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DESIGN FAILURE MODE EFFECT ANALYSIS (DFMEA)

Benefits of FMEA’s at PI Innovo

Pi-Innovo has found through the development of control modules that the use of FMEA’s has many benefits. Analysis with FMEA’s have detected potential problems early on in the development of a product and allowed for their correction or minimization of the possible risk.

FMEA General Benefits:

  • Prevention Planning
  • Identifies change requirements
  • Cost reduction
  • Increased throughput
  • Decreased waste
  • Decreased warranty costs
  • Reduce non-value added operations

Design FMEA:

  • Aids in the objective evaluation of design requirements and design alternatives.
  • Aids in the initial design for manufacturing and assembly requirements.
  • Increases the probability that potential failure modes and their effects have been considered in the design/development process.
  • Provides additional information to help plan thorough and efficient test programs.
  • Develops a list of potential failure modes ranked according to their effect on the customer. Establishes a priority system for design improvements.
  • Provides an open issue format for recommending and tracking risk reducing actions.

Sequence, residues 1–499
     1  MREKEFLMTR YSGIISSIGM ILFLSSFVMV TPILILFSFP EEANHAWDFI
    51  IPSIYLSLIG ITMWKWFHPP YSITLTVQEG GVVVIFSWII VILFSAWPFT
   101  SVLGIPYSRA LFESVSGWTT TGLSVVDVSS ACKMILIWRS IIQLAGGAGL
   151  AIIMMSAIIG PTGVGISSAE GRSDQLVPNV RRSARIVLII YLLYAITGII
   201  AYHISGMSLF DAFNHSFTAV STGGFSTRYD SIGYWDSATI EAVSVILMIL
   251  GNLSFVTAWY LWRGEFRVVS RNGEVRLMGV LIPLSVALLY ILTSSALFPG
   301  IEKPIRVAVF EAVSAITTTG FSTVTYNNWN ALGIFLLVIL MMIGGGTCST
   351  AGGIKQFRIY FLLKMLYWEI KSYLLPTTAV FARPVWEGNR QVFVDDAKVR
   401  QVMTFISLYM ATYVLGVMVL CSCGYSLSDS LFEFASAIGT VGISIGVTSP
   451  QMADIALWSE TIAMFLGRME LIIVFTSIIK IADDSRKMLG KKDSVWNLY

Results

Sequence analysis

• Provides future reference to aid in analyzing field concerns.

Process FMEA:

  • Identifies potential product related process failure modes.
  • Assesses the potential customer effects of the failures.
  • Identifies the potential manufacturing or assembly process causes and identifies process variables on which to focus controls or monitoring.
  • Develops a ranked list of potential failure modes, establishing a priority system for corrective action considerations.
  • Documents the results of the manufacturing or assembly process.
  • Identifies process deficiencies.
  • Identifies confirmed critical characteristics and/or significant characteristics.
  • Identifies operator safety concerns.
  • Feeds information on design changes required and manufacturing feasibility back to the designers.

Use of Special Characteristics in FMEAs

Special characteristics are product or process characteristics that affect vehicle or process safety, compliance with government regulations, customer satisfaction, or process operation. Special Characteristics require Quality Planning actions that must be addressed in a Control Plan - [Ref 1].

The method used for determination of critical and special characteristics depends on agreements reached between core teams and/or the customer. All critical and significant characteristics that cannot be resolved in the design phase are carried over to the PFMEA and addressed in the control plan. In the DFMEA and PFMEA potential special characteristics are noted as CC and CS.

It is not advisable to use the RPN score, calculated by multiplying severity, occurrence, and detection scores, to determine the need for actions or to use threshold values for assessing risk as it can produce misleading results – [Ref1][Ref 2]. It is the responsibility of the DFMEA core team to identify special characteristics or high risk items that need attention. The RPN is a measure of effectiveness of the actions taken by comparing the before and after RPN score.